Similarly, you should be aware that not every kind of log and coal combination is appropriate. Ideally, you should only use smokeless coal (Anthracite) and extremely dry logs, like those that have been kiln-dried.

This aids in reducing smoke production and ensures that the fire doesn’t release any harmful gasses, which can be an issue if you use very impure coal or logs with an excessive quantity of moisture. Indeed, burning authorized smokeless fuel is advised for almost all multi-fuel stoves.

How Hot is a Coal Fire When It Turns Red?

Coal Fires turn red when their temperature is between 1650 and 1800°F. At this point, the fire burns vigorously in the presence of a steady supply of oxygen. Still, the combustion is classified as incomplete, because the fire is only red. Only fires with blue or white color indicate complete combustion or close to it.

Do Coal Fires Need a Certain Ignition Temperature? Does it Matter?

The ignition temperature of a fuel is the minimum temperature required for it to burn. If the ignition temperature of a fuel is not met, it cannot burn.

Coal requires an ignition temperature of about 300C for it to catch fire, if this temperature is not attained, it cannot burn. Once the coal ignites, combustion occurs at that spot and is transferred to the entire piece of coal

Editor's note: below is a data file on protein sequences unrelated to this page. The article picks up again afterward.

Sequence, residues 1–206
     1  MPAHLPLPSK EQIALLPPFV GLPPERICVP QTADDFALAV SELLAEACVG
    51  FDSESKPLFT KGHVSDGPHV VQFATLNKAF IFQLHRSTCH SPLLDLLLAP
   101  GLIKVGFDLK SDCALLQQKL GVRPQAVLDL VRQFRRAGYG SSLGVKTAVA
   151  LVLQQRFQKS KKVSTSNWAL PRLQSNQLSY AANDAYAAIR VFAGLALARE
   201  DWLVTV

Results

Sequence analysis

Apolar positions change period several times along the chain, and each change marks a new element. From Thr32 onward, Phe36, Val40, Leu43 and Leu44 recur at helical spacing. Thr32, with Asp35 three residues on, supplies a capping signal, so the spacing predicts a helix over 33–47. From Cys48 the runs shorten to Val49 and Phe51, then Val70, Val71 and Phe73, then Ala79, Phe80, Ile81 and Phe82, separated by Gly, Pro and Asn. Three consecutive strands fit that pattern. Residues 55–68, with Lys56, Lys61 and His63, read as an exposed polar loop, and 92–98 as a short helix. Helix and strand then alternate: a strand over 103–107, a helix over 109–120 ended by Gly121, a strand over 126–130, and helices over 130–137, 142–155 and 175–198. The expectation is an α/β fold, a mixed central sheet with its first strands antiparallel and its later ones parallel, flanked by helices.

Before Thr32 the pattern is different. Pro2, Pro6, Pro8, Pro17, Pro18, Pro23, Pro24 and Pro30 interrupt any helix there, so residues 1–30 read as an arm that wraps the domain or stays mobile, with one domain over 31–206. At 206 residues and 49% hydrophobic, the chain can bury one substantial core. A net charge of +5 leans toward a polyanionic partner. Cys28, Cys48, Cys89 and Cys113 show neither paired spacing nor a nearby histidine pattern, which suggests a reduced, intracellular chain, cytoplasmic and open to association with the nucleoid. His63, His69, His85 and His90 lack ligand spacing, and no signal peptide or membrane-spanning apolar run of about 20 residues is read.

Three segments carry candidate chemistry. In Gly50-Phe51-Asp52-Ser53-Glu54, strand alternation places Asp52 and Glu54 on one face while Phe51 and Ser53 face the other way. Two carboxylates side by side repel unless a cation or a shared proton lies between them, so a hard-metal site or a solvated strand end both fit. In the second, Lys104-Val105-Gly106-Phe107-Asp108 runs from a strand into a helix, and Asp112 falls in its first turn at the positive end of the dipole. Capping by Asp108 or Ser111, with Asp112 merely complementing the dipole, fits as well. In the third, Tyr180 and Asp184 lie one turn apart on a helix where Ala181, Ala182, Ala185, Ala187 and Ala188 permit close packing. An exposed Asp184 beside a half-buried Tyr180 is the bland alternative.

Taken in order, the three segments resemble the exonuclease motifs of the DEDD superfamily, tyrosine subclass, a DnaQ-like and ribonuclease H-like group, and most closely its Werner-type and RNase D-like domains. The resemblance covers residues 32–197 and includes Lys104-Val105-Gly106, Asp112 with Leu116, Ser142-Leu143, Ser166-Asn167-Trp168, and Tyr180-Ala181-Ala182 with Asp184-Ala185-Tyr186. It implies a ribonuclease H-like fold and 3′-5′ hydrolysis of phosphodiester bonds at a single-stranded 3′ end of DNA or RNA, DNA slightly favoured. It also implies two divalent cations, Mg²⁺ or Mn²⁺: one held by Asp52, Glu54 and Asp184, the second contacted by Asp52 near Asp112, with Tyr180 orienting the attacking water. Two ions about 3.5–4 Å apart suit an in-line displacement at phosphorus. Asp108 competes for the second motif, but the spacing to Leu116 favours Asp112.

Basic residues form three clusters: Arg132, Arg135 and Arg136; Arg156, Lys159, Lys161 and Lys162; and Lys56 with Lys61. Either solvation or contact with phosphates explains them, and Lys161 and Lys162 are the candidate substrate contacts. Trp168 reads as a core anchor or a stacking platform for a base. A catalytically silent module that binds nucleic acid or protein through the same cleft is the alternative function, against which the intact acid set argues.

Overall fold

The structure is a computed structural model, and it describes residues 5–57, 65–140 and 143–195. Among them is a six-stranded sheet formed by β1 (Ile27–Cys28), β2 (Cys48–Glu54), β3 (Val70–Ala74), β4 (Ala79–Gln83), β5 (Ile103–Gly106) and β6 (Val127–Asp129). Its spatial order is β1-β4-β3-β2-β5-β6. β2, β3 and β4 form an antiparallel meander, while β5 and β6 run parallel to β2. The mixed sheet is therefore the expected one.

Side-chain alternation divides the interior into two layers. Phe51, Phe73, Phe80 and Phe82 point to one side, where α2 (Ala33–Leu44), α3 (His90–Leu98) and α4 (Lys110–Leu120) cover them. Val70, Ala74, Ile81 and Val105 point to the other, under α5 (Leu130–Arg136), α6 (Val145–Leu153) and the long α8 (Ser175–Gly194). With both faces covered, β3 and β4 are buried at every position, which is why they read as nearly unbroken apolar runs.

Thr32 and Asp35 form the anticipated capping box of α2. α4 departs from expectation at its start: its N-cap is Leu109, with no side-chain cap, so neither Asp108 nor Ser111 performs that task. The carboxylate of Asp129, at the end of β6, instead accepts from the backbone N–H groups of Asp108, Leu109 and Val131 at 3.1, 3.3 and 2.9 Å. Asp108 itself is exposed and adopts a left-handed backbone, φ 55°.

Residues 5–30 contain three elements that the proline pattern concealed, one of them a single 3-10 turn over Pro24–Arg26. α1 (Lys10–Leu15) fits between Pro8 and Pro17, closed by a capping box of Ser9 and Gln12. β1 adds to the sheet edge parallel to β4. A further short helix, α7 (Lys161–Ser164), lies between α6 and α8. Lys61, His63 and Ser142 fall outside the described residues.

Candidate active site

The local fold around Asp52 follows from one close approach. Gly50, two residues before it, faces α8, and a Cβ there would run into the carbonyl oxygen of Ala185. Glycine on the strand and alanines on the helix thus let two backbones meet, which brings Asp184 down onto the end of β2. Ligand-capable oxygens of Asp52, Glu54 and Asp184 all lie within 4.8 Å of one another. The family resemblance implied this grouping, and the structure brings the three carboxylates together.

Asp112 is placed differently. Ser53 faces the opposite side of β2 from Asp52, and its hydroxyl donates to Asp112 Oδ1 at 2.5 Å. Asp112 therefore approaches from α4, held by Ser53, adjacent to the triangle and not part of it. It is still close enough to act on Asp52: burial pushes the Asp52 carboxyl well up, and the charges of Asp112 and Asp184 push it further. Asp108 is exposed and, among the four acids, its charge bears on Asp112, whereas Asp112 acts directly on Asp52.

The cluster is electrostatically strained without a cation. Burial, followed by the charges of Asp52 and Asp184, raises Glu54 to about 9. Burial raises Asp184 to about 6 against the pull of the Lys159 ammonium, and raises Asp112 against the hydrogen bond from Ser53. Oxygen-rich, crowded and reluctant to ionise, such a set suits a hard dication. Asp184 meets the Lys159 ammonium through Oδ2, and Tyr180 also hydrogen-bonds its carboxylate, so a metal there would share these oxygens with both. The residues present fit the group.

In most cases, the ignition temperature is usually attained with an external fire source.

How Hot Does Coal Burn vs Wood

Coal burns hotter than wood. Anthracite coal burns at temperatures above 2500°F and can attain temperatures of 3500°F with a steady supply of air.

The Red Oak firewood which is the hottest burning firewood can burn at temperatures above 1600°F. Other wood variants like pine wood burns at around 1000°F. The temperatures achieved by burning wood and coal depend on the supply of air to the fire. This affects the overall efficiency and temperature of the heat generated.

Coal is a dense energy source, which explains why it burns efficiently and produces more heat. Additionally, it indicates that compared to a wood-burning device, a coal-burning appliance may provide two times as much heat each hour.